There is a lot of technical information available about the temperature generated by incandescent light bulbs. In general terms the filament temperature inside an incandescent light bulb can exceed 2000 degrees Celsius. Considering the ignition temperature of paper is around 240 degrees Celsius and assuming oxygen for combustion is available the three components of the fire triangle are present so a fire could result.

We recently responded to a request for information about the frequency of fire safety inspections required in BC by the Fire Services Act. Our client mentioned that the Fire Commissioners Office said it was up to the local jurisdiction to determine what the frequency of inspections should be and that did not necessarily mean annually.

That interpretation is correct but perhaps the explanation did not go far enough. Historically the Fire Services Act dictated the frequency of inspection and provided for intervals as frequently as quarterly and extending to annually depending on the occupancy classification of the building. At the request of the Fire Chiefs Association of BC the Act was changed a number of years ago to remove the mandated frequency of inspections allowing this to be determined at the local level.

Witchcraft is often thought of as the use of magical powers, that witches are an agent of the devil and that witches use their powers to harm people and property. Witchcraft is one way of explaining human misfortune by a supernatural power or person in the community. Recently conclusions reached by fire investigators have been compared to witchcraft in that they are based on beliefs and myths that will not stand up to rigorous scientific scrutiny.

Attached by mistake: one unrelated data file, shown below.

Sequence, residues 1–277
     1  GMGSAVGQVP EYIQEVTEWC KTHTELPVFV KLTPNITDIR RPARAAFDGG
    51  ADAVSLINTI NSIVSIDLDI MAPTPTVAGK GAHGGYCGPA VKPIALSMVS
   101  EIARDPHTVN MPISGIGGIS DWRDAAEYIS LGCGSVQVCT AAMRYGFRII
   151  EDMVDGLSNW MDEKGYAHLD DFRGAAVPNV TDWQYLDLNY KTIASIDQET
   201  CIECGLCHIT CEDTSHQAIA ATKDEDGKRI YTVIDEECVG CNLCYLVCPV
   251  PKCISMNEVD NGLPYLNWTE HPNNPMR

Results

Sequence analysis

A fire department received a call to a fire in a building under construction.  They arrived and connected to a hydrant located in front of the building.  Unfortunately the hydrant, which was installed by the building owner, had not been connected to the water distribution system and was not in service at the time.  There was no visible indication on the hydrant that it was out of service.


Another hydrant was available near the building but was located under some overhead power lines.  The incident commander (IC) decided not to utilize this water supply due to the potential safety hazard of accidental contact with the power lines.  The power pole supporting the wire was on fire.

This weekend firefighters in Atlanta, Georgia went door-to-door in some of the city's low-income neighborhoods to replace free fire alarms that may be counterfeit.  The fire department unwittingly distributed 18,500 bogus photoelectric smoke alarms from 2006 through this month as part of the Atlanta Smoke Alarm Program.

 Fire Chief Kelvin Cochran announced the recall of smoke alarms after his department received information from Underwriters Laboratories (UL) that the photoelectric smoke alarms they distributed bore counterfeit UL labels and were not compliant with UL's safety requirements for smoke alarms.

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